Five years ago, before the Cincinnati Bengals extended Andy Dalton's rookie contract, I wrote a column questioning whether NFL teams should pay upper-tier money for middle-tier quarterbacks. That discussion endures today as the league heads into another potentially wacky offseason at the position.
Joe Flacco, Nick Foles, Teddy Bridgewater, Ryan Tannehill and Eli Manning are among the veterans who could reach the market. They are current or former starting quarterbacks in a league with more teams than truly exciting options at the position. The picture will evolve as teams hire head coaches, evaluate college prospects and figure out how they want to allocate resources, but there will always be demand.
I've separated the most relevant veteran and draft-eligible quarterback options into categories, laying out which teams are most likely to seek their services.
Two team contract negotiators thought the Minnesota Vikings' experience with Kirk Cousins -- paying $84 million fully guaranteed, then firing their offensive coordinator during the season and missing the playoffs -- could hurt veteran free agents this offseason even though Cousins put up good numbers (30 touchdowns, 10 interceptions, 62.0 Total QBR). Both negotiators said one lesson was that it can take years for a quarterback to become a leader in a new environment.
Of course, the Jacksonville Jaguars brought back Blake Bortles in the interests of team chemistry and stability last offseason -- his QBR was actually higher than Cousins' in 2017 -- and it backfired (not that they were obligated to extend his contract, which they did).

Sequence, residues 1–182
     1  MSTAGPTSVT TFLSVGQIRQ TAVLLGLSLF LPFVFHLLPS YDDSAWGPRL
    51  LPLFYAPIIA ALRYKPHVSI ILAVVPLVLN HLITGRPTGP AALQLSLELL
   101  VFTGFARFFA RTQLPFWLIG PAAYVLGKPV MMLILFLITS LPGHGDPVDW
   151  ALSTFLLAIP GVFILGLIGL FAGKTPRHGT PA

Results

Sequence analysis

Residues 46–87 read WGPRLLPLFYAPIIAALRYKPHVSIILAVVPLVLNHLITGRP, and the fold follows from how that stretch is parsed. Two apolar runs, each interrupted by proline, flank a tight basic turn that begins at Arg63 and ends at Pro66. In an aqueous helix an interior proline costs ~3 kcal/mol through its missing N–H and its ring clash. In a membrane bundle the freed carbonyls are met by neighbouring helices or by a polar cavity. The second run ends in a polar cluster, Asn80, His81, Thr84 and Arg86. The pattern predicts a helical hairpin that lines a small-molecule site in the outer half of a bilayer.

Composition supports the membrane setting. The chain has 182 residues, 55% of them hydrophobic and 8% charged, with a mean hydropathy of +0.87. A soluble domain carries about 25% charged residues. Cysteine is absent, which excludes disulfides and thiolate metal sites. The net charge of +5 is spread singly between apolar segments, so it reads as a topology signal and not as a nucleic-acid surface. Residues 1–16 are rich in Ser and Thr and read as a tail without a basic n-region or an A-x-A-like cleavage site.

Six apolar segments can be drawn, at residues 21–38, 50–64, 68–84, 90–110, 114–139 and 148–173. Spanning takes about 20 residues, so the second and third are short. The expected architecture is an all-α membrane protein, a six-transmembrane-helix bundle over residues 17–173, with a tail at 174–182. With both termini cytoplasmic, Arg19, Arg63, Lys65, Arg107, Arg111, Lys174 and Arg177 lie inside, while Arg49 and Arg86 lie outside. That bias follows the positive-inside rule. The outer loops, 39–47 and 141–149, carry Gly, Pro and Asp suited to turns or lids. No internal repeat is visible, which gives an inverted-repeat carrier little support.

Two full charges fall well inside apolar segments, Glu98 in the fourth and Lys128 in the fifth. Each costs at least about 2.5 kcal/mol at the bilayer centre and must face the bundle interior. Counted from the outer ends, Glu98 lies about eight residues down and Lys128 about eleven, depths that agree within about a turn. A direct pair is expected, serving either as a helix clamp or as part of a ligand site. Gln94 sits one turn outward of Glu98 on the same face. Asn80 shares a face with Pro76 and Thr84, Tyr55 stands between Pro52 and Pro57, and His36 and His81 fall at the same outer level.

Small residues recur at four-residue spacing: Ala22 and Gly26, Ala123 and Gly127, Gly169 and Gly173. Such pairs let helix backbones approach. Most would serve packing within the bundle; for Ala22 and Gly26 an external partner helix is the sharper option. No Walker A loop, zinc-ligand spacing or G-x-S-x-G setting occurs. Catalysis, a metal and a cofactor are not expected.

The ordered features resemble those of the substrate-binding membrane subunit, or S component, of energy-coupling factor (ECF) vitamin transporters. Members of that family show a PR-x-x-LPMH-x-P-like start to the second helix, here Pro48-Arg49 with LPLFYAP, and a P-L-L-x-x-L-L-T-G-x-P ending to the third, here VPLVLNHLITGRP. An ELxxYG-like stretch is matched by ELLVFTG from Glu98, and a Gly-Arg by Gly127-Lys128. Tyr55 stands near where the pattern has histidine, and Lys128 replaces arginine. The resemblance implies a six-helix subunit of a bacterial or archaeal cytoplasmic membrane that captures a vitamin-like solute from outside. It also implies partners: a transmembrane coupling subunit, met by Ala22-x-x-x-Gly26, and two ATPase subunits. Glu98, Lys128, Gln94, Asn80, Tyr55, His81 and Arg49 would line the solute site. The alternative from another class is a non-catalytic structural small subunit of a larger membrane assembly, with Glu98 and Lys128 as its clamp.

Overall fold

The Vikings' choice was between Case Keenum, who had built strong chemistry with teammates during a storybook 13-3 season, and an outsider perceived to be an upgrade. Teams in the market for quarterbacks this offseason typically do not have beloved in-house options coming off breakout seasons. Their choices are detailed below.
Teams most likely to seek new starting QBs
These are ranked in order of most likely to change starters this offseason:
They have not funneled resources into developing alternatives to Bortles. That could change this offseason after Bortles lost his job.
"They have got to do something," an evaluator said. "I would assume that means moving on from Bortles."
Enter Flacco? Manning? Bridgewater? Foles?
It's too early to have much of a feel. Jacksonville doesn't even have an offensive coordinator yet. The team will presumably pursue the formula for winning that executive vice president Tom Coughlin has outlined in the past: solid defense and a run-oriented offense with a play-action passing game designed to provide explosive plays.
Alex Smith's career-threatening leg injury will force the team to line up alternatives.
"The Redskins might be one of the most quarterback-needy teams out there just because of Alex Smith's injury," an evaluator said. "You almost have to plan as though he is not coming back, worst-case scenario."